The legacy of Martin Luther King Jr. is one that is solely situated in political action.
The southern pastor and civil rights leader is credited with much of the Civil Rights Movement in the 20th century alongside others like Malcom X or Nelson Mandela. And his assassination is a symbol of not only the lengths in which many have gone to allow us the freedoms we have today, but it’s also a reminder of what others are willing to do to block us from them.
So, it makes sense to honor this man every year. But today, we at INTO find it important to not only honor King, but to also spotlight a queer man who was integral to the Civil Rights Movement alongside him: Bayard Rustin.
Rustin, who was an activist and “troublemaker,” according to the FBI, was the right-hand man to King during some of his biggest moments in American History including leading the organization of the March on Washington. However, due to Rustin’s sexuality, he was erased by the movement.
Below are two films that explore why that happened and how each through a separate lens.
The first, a look at him solely through archival footage, FBI records, and interviews with those that organized alongside him. The second, a look at his personal life through the lens of his living partner, Walter Naegle.
Both are powerful. Both important. And both allow all of us to remember that in all movements and actions, queer people are not only present but many times helping lead the way.
Brother Outsider: The Life of Bayard Rustin
“During his 60-year career as an activist, organizer and “troublemaker,” Bayard Rustin formulated many of the strategies that propelled the American civil rights movement.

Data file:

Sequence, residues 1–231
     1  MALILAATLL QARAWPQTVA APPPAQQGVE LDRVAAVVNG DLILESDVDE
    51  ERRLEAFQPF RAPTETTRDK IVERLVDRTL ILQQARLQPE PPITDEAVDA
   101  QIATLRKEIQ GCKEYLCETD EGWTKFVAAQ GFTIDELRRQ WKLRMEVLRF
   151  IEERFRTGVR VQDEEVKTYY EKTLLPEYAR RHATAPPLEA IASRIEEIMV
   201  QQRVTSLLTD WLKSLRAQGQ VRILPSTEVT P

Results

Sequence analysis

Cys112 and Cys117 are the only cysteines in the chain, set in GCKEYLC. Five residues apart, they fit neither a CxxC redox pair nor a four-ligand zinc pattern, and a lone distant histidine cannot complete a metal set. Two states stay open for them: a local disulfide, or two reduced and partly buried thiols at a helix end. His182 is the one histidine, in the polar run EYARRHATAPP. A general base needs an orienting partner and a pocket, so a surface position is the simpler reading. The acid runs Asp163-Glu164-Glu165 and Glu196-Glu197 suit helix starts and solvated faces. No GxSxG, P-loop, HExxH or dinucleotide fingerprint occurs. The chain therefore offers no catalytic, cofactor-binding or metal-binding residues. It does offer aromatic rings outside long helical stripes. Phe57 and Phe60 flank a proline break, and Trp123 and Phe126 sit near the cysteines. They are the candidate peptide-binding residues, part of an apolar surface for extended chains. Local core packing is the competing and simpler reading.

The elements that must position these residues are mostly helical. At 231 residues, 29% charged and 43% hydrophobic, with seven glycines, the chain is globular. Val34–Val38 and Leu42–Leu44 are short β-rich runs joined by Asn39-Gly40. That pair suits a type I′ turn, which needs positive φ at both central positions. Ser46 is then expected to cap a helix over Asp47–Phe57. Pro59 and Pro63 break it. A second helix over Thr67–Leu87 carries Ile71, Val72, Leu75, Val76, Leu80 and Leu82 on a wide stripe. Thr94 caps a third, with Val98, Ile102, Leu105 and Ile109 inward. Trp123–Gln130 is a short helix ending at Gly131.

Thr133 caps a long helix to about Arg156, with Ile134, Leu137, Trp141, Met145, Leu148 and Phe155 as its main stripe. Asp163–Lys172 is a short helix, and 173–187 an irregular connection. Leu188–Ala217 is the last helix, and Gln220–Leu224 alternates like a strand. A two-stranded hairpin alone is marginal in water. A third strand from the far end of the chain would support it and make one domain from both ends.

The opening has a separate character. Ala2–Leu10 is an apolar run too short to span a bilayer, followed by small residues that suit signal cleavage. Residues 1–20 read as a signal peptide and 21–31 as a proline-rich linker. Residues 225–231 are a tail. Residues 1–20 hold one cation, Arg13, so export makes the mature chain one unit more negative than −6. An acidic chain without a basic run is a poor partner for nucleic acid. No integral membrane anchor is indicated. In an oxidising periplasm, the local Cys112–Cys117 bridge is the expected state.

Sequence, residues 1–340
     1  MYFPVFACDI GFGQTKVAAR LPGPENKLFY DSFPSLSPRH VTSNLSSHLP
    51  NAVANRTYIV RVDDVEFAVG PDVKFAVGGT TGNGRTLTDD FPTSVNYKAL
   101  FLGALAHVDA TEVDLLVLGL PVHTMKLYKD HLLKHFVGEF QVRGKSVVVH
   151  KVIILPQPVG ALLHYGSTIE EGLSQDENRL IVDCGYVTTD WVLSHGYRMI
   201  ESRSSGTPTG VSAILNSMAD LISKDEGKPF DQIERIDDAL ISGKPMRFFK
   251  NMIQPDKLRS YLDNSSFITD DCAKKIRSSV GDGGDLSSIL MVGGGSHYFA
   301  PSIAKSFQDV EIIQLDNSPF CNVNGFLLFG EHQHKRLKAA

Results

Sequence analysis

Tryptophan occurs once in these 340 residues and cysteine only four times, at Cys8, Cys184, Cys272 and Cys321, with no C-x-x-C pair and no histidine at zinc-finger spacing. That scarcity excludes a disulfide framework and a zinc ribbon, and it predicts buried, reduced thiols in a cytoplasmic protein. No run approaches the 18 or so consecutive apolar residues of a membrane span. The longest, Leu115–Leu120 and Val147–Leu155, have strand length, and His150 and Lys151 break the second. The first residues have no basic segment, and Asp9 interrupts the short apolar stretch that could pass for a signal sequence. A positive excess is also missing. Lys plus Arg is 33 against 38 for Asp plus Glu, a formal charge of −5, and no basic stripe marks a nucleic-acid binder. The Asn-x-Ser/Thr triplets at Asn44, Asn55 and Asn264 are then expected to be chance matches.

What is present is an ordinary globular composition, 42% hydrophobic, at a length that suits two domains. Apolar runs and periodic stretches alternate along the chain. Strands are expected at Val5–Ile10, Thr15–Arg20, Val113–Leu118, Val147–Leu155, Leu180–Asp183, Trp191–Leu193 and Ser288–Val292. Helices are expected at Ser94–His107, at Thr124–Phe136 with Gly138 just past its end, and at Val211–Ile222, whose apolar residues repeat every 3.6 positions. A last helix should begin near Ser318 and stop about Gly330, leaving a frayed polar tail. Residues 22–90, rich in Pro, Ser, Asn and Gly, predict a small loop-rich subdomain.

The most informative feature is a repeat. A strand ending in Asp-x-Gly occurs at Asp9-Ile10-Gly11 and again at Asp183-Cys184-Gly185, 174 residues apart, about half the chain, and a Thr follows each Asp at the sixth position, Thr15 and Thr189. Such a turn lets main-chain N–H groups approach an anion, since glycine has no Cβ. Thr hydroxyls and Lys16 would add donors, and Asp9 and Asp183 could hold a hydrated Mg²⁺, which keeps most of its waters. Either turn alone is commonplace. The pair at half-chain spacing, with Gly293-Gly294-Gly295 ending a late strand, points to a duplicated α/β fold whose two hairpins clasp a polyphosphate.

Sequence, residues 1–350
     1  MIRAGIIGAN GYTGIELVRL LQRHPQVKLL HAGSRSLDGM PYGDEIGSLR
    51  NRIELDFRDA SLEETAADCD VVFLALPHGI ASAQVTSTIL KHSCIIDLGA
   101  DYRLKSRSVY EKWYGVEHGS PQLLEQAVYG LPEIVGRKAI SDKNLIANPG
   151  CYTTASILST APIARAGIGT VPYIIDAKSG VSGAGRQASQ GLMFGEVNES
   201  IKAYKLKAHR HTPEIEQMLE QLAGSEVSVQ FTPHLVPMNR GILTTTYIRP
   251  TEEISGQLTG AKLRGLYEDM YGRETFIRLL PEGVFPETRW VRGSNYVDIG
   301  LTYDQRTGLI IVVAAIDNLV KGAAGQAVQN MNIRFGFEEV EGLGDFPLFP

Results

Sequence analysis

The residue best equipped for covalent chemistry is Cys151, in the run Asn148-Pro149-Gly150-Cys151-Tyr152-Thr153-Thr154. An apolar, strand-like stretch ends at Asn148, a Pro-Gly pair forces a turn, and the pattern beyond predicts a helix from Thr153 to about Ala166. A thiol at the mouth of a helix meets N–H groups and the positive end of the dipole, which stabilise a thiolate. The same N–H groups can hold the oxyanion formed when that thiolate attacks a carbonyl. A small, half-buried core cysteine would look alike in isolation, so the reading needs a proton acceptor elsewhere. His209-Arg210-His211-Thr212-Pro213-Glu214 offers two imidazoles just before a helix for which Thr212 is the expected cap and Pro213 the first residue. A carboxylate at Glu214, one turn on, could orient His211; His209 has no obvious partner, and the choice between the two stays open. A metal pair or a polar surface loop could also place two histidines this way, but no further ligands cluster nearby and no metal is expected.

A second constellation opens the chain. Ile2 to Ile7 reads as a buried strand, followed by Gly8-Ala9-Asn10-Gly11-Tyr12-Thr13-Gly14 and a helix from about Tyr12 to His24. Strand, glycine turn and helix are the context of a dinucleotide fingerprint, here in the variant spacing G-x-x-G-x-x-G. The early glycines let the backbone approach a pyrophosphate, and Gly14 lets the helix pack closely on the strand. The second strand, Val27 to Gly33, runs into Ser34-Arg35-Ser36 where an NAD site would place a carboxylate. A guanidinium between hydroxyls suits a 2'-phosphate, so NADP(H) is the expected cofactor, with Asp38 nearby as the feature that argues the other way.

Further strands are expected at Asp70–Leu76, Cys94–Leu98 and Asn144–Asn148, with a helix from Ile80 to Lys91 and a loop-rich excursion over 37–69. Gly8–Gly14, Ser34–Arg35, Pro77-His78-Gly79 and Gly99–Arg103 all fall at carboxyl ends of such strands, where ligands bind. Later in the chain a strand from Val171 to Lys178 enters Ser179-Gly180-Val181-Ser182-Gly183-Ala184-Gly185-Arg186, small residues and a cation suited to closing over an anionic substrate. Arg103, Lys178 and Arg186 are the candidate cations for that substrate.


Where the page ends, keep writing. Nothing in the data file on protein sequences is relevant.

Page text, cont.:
His passionate belief in Gandhi’s philosophy of nonviolence drew Martin Luther King Jr. and other leaders to him in the 1940’s and 50’s; his practice of those beliefs drew the attention of the FBI and police. In 1963, Rustin brought his unique skills to the crowning glory of his civil rights career: his work organizing the March on Washington, the biggest protest America had ever seen.
But his open homosexuality forced him to remain in the background, marking him again and again as a “brother outsider.”
Bayard & Me
“The only way for Bayard Rustin to legalize his gay relationship was to adopt his partner.
Bayard & Me is a short doc about how the openly gay civil rights activist Bayard Rustin, best known for organizing the March on Washington and advising Martin Luther King Jr., adopted his partner Walter Naegle in the 1980s for legal protections. In this story, Walter remembers Bayard and how they had to work around the system decades before gay marriage was legalized. He also reflects on intergenerational gay adoption and its connection to the civil rights movement.
Matt Wolf is an award-winning director in New York. His films include Wild Combination, about the avant-garde cellist and disco producer Arthur Russell, and Teenage about the birth of youth culture. His most recent shorts include HBO’s It’s Me, Hilary and The Face of AIDS for TIME Magazine.”